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Gerard Butler in Talks to Star in Youth Soccer Comedy

Actor will also produce the project, which has Gabriele Muccino circling the director’s chair

Scottish actor Gerard Butler is in talks to star in "Slide," a youth soccer movie that Italian filmmaker Gabriele Muccino ("The Pursuit of Happyness") is interested in directing, according to the L.A. Times.

The project was originally conceived as a baseball movie, but the immense worldwide interest in this year's World Cup has producers rethinking which sport they'll focus on.

Originally titled "Confessions of a Little League Coach," the comedy concerns a father with a dubious past who tries to make up for lost time by coaching his son's Little League teams. He finds himself in hot water after some of the local mothers show a romantic interest in him, which he no doubt reciprocates.

Robbie Fox (cult fave "So I Married an Axe Murderer") wrote the script, and frankly, the new title is a better fit for a movie about soccer, a game in which players slide more often than baseball stars, and with far more dangerous consequences.

For now, Butler is only on board to produce the movie through his company Evil Twins. Kevin Misher will also produce with "Terminator 3: Rise of the Machines" director Jonathan Mostow.

While the project is not formally set up at a studio, it had initially been developed at Sony, which already has a star-driven baseball movie with Brad Pitt and "Moneyball."

In 2005, Will Ferrell tried to pull off the youth soccer comedy "Kicking and Screaming," to no avail, and the 2006 Amanda Bynes vehicle "She's the Man" didn't fare any better, although it's foreign grosses helped it outscore "Kicking's" worldwide take.

"Ladybugs" is a classic guilty pleasure from my childhood but I can't imagine it did much for Rodney Dangerfield's career, while "The Big Green" may be the gold standard for this type of movie, not counting the more adult "Bend It Like Beckham," which has certainly been the most successful soccer film in recent memory.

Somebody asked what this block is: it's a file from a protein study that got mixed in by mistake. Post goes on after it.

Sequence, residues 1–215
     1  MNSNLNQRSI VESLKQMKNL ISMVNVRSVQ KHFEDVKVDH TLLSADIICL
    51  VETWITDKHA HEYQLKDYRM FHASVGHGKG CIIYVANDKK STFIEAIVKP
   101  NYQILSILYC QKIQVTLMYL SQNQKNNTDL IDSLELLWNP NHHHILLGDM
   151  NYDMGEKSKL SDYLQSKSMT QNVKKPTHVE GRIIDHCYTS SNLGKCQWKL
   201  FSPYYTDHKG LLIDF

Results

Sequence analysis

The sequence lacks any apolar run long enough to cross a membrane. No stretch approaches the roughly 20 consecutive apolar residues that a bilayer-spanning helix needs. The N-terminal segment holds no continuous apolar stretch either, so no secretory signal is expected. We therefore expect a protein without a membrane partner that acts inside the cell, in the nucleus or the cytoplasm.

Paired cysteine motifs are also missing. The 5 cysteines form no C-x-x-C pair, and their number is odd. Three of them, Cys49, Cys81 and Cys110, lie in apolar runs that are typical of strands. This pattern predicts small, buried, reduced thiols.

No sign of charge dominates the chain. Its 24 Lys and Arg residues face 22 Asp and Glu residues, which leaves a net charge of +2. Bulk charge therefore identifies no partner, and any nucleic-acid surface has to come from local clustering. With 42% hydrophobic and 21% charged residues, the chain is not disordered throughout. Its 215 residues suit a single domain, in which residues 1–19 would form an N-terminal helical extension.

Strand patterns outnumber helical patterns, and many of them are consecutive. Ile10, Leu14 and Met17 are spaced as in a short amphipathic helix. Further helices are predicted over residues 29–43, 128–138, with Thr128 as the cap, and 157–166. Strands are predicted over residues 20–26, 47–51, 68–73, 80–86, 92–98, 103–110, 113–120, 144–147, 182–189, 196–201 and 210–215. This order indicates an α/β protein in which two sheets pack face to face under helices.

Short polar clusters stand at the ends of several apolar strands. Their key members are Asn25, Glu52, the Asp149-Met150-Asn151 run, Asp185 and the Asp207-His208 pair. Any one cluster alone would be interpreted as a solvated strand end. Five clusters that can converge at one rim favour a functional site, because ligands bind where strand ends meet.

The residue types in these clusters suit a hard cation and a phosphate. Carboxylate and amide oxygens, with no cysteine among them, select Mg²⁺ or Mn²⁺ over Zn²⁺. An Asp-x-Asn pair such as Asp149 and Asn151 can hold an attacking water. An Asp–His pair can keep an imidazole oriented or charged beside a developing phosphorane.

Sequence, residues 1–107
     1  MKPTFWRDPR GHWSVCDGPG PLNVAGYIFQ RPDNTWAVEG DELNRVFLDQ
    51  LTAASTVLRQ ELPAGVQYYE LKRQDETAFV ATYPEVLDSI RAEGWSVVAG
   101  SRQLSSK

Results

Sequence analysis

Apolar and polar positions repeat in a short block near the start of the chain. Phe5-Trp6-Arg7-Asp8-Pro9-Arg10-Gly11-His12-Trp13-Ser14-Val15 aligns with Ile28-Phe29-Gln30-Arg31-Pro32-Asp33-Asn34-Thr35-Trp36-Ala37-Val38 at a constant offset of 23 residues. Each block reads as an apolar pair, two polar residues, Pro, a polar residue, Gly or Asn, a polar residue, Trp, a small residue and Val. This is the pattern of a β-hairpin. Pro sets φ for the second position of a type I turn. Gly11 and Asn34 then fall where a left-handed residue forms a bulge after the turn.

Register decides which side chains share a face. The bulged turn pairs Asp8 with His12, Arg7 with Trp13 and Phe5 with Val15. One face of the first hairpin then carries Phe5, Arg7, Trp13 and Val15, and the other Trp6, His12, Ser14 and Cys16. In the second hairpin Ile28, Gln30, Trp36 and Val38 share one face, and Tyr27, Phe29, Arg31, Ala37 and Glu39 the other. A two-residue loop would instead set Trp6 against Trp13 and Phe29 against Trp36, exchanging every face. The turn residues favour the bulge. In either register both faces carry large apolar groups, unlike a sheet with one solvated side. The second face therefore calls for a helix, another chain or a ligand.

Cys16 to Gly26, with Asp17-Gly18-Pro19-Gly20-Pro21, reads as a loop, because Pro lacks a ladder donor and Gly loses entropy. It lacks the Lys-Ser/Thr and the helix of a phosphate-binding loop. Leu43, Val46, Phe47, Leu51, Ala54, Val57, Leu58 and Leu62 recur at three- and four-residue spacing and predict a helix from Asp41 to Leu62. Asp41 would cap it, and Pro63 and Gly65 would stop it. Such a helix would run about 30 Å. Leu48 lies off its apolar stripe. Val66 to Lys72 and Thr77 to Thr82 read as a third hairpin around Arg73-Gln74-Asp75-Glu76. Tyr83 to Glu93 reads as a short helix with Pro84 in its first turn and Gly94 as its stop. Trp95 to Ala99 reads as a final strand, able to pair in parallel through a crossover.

Clearly, soccer isn't as played out on the big screen as baseball, and there's plenty of room for improvement within the genre. Butler may not be shy about showing off his family-friendly side (see "Nim's Island" … or don't), but I think this one might need a minor tweak or two.

For instance, ditch the kids and make the first movie about something most soccer players have to deal with — their high school's junior varsity team. I played "JV" for two years, the second of which I was the only junior on the team, as the rest of my peers were good enough to play on the varsity team with the seniors. As far as I know, no movie has even attempted to focus on the trials and tribulations of a JV team. To me, that'd be a more interesting route, because no one in high school really cares about the result of the games, so the movie would be less about winning and more about the characters and their personal goals. For instance, a star JV player trying to prove to the coach that he has what it takes to be called up to the varsity team for the playoffs. The little kids thing is just too played out and also limits the audience.

Regardless of the players' ages, the idea of Butler coaching a youth soccer team is appealing, and it'd be nice to see Muccino (slide)tackle a comedy rather than another heavy-handed drama.

Butler and Muccino are represented by CAA, while the former is also represented by Alan Siegel Entertainment.